As newer generations of adventurers seek different experiences and the options for outdoor recreation become more diverse, a dependable tech-driven infrastructure could alleviate many of these concerns, and ensure the safety of both recreationists and the environment. Information and resources on how to recreate responsibly, safely, and ethically are definitely prevalent across the internet. However, it is the lack of consolidated, equitable, standardized access to accurate and relevant information about outdoor recreational activities that plays a consequential role in the environmental harm that we see today.
Enormous crowds at Zion National Park, UT - Photo Credit: Kristi Blokhin
To the detriment of all those who enjoy it, this outdated infrastructure is causing obvious consequences to our natural resources—the overcrowding of National Parks is only one piece of evidence of ongoing environmental degradation. By building and maintaining a collective repository of resources created by a community of well-informed, experienced, and reliable outdoor recreationists, Pathloom, the first all-in-one app for outdoor trip planning, can help diminish the gap of inequitable access and education in the outdoor community. We are fortunate enough to have the resources, knowledge, communal support, and technology to be able to assist adventurers in making their trip-planning experience more convenient, and beneficial to the environment as well. With less time spent planning your trip, more time becomes available to recreate responsibly, and perhaps make an individual difference for our natural treasures.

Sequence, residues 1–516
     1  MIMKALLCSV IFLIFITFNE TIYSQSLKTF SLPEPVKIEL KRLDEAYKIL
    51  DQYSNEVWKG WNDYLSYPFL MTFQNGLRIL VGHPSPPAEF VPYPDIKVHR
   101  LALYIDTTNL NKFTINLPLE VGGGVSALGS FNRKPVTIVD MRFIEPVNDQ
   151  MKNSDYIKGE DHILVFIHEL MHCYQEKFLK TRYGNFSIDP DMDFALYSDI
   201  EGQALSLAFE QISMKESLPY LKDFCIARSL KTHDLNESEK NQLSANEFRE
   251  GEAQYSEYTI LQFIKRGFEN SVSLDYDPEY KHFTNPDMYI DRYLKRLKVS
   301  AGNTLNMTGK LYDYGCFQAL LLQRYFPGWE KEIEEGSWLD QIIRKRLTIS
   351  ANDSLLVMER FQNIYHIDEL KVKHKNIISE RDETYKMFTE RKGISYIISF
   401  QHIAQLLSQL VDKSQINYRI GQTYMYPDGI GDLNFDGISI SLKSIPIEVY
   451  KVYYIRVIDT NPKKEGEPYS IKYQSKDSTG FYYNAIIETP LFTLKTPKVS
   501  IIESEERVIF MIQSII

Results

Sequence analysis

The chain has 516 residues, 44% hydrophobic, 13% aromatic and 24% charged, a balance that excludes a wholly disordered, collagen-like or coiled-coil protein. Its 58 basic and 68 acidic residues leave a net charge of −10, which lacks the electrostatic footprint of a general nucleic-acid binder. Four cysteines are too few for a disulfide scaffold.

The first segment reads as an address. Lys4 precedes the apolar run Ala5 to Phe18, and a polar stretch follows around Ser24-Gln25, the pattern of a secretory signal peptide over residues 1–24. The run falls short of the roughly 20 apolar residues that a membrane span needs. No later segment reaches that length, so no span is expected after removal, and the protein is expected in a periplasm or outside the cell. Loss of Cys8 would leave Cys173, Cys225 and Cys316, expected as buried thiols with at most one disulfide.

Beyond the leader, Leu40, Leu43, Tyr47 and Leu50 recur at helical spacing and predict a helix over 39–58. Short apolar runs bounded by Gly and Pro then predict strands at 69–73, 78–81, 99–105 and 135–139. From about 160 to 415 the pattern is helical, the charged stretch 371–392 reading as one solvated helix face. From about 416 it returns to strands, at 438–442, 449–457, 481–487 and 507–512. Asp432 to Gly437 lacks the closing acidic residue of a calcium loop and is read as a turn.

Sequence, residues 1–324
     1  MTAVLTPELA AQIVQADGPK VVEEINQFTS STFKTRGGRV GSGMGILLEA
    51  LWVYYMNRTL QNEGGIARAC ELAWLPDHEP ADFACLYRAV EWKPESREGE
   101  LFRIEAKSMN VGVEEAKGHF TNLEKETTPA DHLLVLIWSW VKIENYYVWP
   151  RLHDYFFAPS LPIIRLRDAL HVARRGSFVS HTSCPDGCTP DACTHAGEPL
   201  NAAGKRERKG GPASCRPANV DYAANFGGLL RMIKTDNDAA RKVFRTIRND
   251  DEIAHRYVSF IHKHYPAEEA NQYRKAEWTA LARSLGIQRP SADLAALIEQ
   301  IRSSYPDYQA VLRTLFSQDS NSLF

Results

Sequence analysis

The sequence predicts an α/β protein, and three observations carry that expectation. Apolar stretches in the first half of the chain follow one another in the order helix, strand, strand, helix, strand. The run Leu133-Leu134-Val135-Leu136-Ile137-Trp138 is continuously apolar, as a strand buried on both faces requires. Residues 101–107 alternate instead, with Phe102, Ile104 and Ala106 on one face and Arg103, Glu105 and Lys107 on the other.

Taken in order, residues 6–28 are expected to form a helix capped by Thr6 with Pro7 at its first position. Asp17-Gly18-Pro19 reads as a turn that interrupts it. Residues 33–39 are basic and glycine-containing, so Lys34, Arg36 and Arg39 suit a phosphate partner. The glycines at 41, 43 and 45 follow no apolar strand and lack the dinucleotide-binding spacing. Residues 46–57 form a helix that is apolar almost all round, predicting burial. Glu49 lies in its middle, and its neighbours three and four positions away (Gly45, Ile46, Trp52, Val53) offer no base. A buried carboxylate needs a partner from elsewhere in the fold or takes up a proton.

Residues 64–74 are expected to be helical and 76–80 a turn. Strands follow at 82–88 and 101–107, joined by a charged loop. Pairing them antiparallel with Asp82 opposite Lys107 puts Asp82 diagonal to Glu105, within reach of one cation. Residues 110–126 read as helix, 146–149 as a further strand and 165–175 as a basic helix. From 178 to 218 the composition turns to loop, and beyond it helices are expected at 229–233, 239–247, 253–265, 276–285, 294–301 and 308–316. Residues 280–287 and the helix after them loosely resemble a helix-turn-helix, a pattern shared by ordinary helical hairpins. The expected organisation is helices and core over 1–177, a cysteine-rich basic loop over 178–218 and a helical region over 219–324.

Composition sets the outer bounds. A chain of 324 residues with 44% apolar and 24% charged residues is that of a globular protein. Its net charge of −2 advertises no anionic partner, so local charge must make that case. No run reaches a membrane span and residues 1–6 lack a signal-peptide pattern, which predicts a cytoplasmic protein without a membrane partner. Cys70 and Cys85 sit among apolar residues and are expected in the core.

This issue must not be overlooked as the nation increasingly discusses the end of the pandemic. While this paradigm shift in how people are vacationing may have helped boost the popularity of outdoor recreational activities, the core problem of inequitable, inaccessible information in an industry that prides itself on inclusivity does not go away. While this problem may appear colossal and impossible to approach, individual efforts can help make a tangible difference in our outdoor community.
For more thoughts on the challenges facing a rapidly changing outdoor industry, head to pathloom.com and connect with us via Instagram, LinkedIn, and TikTok.
Finding solitude at Rocky Mountain National Park, CO - Photo Credit: Bryan Donoghue
Do you have your own outdoor story to tell? Have a groundbreaking moment that secured your love and passion for the outdoors? We'd love to hear it! Reach out to us about writing a guest blog for Pathloom!
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Pathloom is a Bay Area-based technology startup on a mission to get more people outdoors, more often by reimagining the way people discover the outdoors.